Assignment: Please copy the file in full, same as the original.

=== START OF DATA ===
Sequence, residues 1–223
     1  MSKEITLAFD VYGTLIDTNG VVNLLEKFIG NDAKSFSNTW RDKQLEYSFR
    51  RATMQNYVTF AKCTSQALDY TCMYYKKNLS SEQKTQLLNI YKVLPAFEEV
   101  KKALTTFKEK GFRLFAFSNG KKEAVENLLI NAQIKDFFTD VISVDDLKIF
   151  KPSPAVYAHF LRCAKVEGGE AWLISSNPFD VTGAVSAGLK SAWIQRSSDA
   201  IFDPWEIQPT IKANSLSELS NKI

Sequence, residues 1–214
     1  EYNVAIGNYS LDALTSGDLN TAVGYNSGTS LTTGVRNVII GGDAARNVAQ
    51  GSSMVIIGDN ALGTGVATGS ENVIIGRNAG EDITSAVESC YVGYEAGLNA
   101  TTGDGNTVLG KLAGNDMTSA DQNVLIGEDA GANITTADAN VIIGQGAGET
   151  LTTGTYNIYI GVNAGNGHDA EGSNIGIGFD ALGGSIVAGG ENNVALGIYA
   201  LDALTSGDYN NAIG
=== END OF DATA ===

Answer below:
Sequence, residues 1–223
     1  MSKEITLAFD VYGTLIDTNG VVNLLEKFIG NDAKSFSNTW RDKQLEYSFR
    51  RATMQNYVTF AKCTSQALDY TCMYYKKNLS SEQKTQLLNI YKVLPAFEEV
   101  KKALTTFKEK GFRLFAFSNG KKEAVENLLI NAQIKDFFTD VISVDDLKIF
   151  KPSPAVYAHF LRCAKVEGGE AWLISSNPFD VTGAVSAGLK SAWIQRSSDA
   201  IFDPWEIQPT IKANSLSELS NKI

Sequence, residues 1–214
     1  EYNVAIGNYS LDALTSGDLN TAVGYNSGTS LTTGVRNVII GGDAARNVAQ
    51  GSSMVIIGDN ALGTGVATGS ENVIIGRNAG EDITSAVESC YVGYEAGLNA
   101  TTGDGNTVLG KLAGNDMTSA DQNVLIGEDA GANITTADAN VIIGQGAGET
   151  LTTGTYNIYI GVNAGNGHDA EGSNIGIGFD ALGGSIVAGG ENNVALGIYA
   201  LDALTSGDYN NAIG